• Feature: So where do the Boks stand?

    Having withdrawn from the Rugby Championship, the Boks must now find ways to prepare for the British & Irish Lions series, writes JON CARDINELLI in the latest SA Rugby magazine.

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    SA Rugby made the right call to withdraw the Springboks from the 2020 Rugby Championship. Yet, as the year draws to an end and coaches and administrators count the cost of lost fixtures and opportunities, the challenges of the 2021 season – specifically the Test series against the British & Irish Lions – begins to loom large.

    630 days. Immediately after the Boks won the World Cup in November 2019, Rassie Erasmus told anyone who would listen that the South Africans had 630 days to prepare for the Tests against the Lions.

    He gave the impression that South African rugby would need each and every one of those 630 days to ensure the national team peaked at exactly the right time.

    As a pandemic-ravaged 2020 draws to close, that figure should be viewed in a more concerning light. Those 630 days may separate the Boks’ last Test against England in Yokohama on 2 November 2019 and their next official international, against the Lions at Soccer City on 24 July 2021. Unless a couple of ‘warm-up’ Tests are organised in the buildup, the Boks will head into that all-important series with no idea about where they stand.

    Jacques Nienaber, who will struggle to shrug off the tag of ‘new Bok coach’ until his team takes the field, summed it up best when he said that a side cannot improve unless the players are competing on a regular basis.

    Senior statesman Duane Vermeulen, never one to sugarcoat the unsavoury facts, said the momentum generated by winning the World Cup has been lost and that the group was ‘starting from scratch’.

    It certainly felt like a new beginning when the local South African competition started on 10 October. The next important step may be taken when the top franchises join the Pro16 – which could happen as early as next March.

    Super Rugby Unlocked, and subsequently the Currie Cup, will provide the top South African players with an opportunity to regain their match fitness after nearly seven months in limbo. It will not, however, prepare them for the pressure and intensity of international rugby.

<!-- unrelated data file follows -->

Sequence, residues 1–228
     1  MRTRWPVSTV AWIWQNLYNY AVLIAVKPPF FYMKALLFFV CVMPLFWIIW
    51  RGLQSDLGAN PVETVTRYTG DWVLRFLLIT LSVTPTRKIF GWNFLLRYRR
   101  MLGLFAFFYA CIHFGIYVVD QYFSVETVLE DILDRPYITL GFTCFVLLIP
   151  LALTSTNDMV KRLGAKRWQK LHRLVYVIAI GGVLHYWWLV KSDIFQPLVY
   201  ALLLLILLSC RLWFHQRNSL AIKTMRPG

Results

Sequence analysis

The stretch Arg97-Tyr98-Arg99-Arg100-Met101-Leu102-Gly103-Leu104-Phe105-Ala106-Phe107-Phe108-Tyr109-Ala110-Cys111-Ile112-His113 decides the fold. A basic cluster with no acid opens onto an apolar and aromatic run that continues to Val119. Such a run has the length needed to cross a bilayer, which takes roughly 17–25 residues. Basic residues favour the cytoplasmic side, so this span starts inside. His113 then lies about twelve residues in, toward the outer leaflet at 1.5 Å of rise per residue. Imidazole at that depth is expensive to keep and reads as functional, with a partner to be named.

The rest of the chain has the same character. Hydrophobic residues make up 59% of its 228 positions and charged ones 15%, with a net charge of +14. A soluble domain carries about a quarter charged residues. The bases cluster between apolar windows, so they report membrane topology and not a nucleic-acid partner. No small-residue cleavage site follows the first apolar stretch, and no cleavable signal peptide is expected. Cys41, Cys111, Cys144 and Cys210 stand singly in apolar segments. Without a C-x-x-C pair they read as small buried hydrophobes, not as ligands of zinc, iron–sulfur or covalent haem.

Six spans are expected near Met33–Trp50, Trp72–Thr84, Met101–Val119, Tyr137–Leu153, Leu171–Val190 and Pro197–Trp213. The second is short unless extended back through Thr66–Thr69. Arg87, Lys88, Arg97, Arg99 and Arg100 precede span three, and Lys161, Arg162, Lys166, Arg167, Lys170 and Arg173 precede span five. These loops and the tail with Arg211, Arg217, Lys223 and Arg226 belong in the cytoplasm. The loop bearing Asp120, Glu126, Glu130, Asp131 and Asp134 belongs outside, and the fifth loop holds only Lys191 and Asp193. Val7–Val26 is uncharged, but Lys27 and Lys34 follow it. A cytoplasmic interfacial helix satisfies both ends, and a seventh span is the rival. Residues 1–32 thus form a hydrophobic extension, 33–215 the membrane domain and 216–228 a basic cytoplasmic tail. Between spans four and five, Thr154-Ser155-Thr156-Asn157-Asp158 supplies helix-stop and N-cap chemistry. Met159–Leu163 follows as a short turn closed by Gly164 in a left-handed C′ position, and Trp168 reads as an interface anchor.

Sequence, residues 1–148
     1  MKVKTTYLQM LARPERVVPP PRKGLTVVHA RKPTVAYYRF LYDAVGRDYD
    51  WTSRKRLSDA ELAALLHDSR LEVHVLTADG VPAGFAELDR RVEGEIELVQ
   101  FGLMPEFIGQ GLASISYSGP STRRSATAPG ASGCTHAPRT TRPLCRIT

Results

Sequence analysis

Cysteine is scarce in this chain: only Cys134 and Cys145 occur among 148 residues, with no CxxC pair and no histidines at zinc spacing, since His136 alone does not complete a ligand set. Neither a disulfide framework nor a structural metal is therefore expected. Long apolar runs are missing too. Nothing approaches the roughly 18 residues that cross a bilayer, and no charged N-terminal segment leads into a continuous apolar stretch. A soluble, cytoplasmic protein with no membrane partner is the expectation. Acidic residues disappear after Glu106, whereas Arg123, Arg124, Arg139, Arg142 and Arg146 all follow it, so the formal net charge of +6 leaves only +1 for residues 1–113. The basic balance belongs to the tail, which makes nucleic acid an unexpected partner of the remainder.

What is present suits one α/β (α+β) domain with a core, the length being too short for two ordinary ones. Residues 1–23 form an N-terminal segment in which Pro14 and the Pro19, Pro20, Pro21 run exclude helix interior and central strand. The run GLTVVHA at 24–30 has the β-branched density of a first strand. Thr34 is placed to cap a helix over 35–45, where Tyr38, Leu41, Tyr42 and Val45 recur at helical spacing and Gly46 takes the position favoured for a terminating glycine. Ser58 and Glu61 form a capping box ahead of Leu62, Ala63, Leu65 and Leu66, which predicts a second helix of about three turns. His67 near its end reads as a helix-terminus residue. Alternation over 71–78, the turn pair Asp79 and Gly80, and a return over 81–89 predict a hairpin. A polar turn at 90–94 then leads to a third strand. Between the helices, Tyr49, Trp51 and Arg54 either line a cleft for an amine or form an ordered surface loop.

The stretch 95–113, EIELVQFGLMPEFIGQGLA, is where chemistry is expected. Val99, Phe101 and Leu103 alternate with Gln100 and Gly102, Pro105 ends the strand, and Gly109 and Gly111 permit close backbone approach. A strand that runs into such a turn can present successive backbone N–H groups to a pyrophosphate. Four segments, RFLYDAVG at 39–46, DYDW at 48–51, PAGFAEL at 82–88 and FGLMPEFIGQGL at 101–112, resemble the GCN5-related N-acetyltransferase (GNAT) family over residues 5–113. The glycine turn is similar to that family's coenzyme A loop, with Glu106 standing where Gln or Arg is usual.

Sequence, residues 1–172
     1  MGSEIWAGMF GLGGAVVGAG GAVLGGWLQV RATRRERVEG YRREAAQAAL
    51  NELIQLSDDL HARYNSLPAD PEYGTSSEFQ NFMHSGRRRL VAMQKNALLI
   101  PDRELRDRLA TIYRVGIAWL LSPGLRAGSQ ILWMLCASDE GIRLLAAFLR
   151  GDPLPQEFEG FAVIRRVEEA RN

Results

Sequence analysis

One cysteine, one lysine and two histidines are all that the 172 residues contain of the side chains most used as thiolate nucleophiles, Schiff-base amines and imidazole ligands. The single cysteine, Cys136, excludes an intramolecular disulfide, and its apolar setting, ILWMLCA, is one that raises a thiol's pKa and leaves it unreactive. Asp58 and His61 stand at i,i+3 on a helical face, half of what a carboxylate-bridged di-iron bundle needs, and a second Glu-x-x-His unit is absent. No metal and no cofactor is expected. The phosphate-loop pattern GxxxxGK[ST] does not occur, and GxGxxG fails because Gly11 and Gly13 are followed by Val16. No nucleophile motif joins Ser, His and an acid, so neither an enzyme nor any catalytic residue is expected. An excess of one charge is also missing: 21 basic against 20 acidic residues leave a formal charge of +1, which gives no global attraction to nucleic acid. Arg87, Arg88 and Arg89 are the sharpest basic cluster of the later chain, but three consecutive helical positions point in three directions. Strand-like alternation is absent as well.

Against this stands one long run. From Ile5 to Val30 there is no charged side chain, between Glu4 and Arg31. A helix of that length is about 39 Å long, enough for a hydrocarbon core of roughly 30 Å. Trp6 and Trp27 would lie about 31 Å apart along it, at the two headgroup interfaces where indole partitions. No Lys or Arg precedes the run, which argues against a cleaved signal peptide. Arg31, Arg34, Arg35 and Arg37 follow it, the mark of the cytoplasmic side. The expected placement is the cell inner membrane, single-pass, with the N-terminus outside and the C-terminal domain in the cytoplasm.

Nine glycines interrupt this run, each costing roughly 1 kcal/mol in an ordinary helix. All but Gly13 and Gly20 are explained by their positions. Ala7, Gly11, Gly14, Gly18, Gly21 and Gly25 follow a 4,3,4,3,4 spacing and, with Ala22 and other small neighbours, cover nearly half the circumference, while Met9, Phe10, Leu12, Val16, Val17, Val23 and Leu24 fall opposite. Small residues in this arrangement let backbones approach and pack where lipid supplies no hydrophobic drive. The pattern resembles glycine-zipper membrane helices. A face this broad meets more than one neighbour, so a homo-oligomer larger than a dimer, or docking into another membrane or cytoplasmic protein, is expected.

The gulf between domestic and international rugby was made clear when the first two Bledisloe Cup fixtures were played in October. New Zealand’s top players impressed throughout Super Rugby Aotearoa – the first rugby competition to receive the green light after the global lockdown.

    It took some time for those players to adjust, though, when they came up against a combative Wallabies side in Wellington. On that occasion, the All Blacks were more than fortunate to escape with a 16-16 draw, although they showed more hunger and intensity to win the following fixture 27-7 in Auckland.

    That said, it was plain to see how far ahead the New Zealanders and Australians were in terms of fitness and preparation. While the Bledisloe Cup clashes played out at a furious pace, the Super Rugby Unlocked matches in South Africa were plagued by errors and a lack of intensity.

    It’s fair to say that any Bok side would have struggled to match their Australasian counterparts at this stage of the schedule. It’s yet another reason the decision to withdraw the Boks from the Rugby Championship should be lauded. As a result, the players will have more time to condition their bodies for battle and South Africa’s stellar yet hard-won reputation will remain intact.

    South Africa’s withdrawal has robbed fans of one of the world’s marquee match-ups – the Boks versus the All Blacks. It’s believed that these epic battles will be staged less frequently in future as South Africa contemplates a more permanent pivot to the northern hemisphere and possibly a split from Sanzaar.